Can taking the perspective of other people modify our own affective responses to stimuli? To address this question, we examined the neurobiological mechanisms supporting the ability to take another person's perspective and thereby emotionally experience the world as they would. We measured participants' neural activity as they attempted to predict the emotional responses of two individuals that differed in terms of their proneness to experience negative affect. Results showed that behavioral and neural signatures of negative affect (amygdala activity and a distributed multivoxel pattern reflecting affective negativity) simulated the presumed affective state of the target person. Furthermore, the anterior medial prefrontal cortex (mPFC)-a region implicated in mental state inference-exhibited a perspective-dependent pattern of connectivity with the amygdala, and the multivoxel pattern of activity within the mPFC differentiated between the two targets. We discuss the implications of these findings for research on perspective-taking and self-regulation.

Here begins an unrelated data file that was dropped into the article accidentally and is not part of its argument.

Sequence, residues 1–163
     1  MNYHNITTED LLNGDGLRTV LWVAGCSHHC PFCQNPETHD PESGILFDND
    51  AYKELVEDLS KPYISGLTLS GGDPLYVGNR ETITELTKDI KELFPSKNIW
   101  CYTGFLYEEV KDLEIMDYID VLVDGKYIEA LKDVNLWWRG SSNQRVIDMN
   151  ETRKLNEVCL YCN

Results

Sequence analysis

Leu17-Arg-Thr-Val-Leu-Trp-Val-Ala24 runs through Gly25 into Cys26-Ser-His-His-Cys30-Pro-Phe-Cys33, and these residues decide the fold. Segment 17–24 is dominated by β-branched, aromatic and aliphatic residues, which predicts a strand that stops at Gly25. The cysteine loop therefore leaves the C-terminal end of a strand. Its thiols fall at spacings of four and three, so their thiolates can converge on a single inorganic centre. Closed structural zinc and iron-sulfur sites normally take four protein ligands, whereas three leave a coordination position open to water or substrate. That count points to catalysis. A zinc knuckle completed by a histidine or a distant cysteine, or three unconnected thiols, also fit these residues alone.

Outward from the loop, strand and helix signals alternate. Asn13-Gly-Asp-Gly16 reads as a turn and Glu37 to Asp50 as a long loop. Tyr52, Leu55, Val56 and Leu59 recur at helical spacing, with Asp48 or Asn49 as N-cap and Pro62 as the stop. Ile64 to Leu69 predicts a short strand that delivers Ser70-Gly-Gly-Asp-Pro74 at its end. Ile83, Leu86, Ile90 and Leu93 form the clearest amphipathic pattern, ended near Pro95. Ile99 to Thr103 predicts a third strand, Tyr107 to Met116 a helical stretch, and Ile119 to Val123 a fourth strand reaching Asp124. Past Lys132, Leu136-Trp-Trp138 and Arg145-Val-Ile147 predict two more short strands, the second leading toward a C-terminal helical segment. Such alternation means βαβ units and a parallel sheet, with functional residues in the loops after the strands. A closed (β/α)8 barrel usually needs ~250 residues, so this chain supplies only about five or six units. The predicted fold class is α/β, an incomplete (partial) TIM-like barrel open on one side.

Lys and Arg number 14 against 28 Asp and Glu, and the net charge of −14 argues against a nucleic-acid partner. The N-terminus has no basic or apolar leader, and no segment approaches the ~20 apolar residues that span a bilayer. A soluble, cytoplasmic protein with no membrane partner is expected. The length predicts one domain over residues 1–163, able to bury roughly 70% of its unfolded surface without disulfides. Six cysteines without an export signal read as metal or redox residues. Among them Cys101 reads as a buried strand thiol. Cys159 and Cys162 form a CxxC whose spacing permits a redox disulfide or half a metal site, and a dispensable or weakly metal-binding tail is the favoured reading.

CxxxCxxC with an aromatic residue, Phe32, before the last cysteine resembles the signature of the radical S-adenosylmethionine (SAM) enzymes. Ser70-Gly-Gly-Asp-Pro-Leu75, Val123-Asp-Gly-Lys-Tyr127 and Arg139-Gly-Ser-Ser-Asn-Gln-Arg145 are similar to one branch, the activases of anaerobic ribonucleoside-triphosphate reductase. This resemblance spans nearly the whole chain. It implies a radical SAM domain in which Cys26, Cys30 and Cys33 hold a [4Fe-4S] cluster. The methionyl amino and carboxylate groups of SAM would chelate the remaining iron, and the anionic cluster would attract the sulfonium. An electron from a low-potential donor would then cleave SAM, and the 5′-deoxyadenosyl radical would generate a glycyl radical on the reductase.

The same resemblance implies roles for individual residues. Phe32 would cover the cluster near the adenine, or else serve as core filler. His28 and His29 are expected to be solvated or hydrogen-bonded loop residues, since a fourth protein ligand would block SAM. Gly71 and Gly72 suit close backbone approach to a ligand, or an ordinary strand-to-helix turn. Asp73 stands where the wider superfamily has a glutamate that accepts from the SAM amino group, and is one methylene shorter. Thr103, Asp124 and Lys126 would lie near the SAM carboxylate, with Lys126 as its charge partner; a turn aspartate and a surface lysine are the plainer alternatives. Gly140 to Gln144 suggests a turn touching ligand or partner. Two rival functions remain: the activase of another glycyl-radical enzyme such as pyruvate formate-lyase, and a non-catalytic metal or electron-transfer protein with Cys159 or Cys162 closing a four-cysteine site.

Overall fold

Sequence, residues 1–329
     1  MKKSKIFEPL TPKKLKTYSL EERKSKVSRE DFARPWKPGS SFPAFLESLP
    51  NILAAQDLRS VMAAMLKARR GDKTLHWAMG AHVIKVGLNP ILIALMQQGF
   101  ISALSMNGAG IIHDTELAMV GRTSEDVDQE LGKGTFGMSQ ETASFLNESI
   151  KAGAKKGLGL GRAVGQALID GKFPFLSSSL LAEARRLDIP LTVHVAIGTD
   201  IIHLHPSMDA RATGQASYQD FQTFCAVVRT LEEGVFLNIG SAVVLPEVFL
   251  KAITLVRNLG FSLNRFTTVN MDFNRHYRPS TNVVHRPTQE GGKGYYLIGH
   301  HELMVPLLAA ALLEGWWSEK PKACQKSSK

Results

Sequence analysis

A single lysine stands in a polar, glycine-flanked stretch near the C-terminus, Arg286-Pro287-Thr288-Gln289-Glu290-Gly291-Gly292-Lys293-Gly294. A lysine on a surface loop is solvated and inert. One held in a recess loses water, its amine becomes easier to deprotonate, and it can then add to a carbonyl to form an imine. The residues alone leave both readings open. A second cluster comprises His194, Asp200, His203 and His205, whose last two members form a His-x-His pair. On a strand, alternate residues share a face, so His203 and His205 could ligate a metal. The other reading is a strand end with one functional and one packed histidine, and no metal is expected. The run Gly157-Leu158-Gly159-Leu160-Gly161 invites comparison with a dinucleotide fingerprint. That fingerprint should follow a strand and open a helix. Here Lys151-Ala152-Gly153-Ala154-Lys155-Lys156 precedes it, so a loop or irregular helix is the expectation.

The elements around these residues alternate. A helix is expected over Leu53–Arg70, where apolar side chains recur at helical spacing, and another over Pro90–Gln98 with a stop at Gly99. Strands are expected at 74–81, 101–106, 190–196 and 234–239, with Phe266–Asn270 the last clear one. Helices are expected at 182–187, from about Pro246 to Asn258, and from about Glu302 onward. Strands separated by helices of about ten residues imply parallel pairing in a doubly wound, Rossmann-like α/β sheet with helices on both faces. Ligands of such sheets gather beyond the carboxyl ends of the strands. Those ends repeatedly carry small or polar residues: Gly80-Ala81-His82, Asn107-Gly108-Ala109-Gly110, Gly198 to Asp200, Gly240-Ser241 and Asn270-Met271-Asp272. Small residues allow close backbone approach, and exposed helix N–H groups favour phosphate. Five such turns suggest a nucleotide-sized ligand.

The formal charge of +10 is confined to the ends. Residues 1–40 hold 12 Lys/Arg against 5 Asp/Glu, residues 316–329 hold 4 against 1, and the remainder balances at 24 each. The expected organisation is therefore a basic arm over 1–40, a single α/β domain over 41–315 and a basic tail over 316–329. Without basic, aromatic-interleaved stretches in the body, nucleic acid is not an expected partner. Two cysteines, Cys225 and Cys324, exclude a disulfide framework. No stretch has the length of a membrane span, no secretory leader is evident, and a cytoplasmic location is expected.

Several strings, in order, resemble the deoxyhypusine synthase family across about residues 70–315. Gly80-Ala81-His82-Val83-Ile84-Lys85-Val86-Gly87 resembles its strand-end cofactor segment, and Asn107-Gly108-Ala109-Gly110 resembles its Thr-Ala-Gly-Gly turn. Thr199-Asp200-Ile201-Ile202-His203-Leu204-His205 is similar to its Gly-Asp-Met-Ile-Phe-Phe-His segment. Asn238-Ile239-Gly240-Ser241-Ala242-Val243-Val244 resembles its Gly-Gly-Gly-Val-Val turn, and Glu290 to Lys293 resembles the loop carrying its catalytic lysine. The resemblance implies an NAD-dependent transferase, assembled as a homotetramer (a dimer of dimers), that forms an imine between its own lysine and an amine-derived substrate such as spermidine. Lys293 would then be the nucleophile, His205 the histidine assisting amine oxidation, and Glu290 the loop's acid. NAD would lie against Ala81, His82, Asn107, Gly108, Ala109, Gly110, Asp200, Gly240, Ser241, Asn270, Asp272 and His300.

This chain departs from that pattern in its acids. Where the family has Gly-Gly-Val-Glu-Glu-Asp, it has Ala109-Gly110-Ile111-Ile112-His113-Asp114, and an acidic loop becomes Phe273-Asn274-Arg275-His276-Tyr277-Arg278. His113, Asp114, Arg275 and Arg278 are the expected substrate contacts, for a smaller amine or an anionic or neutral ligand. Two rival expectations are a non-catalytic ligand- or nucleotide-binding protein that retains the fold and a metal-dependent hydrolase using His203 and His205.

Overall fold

|Number of pages||6|
|Journal||Proceedings of the National Academy of Sciences of the United States of America|
|State||Published - 6 Sep 2016|
- MPFC|simulation |amygdala
- Perspective-taking|emotion regulation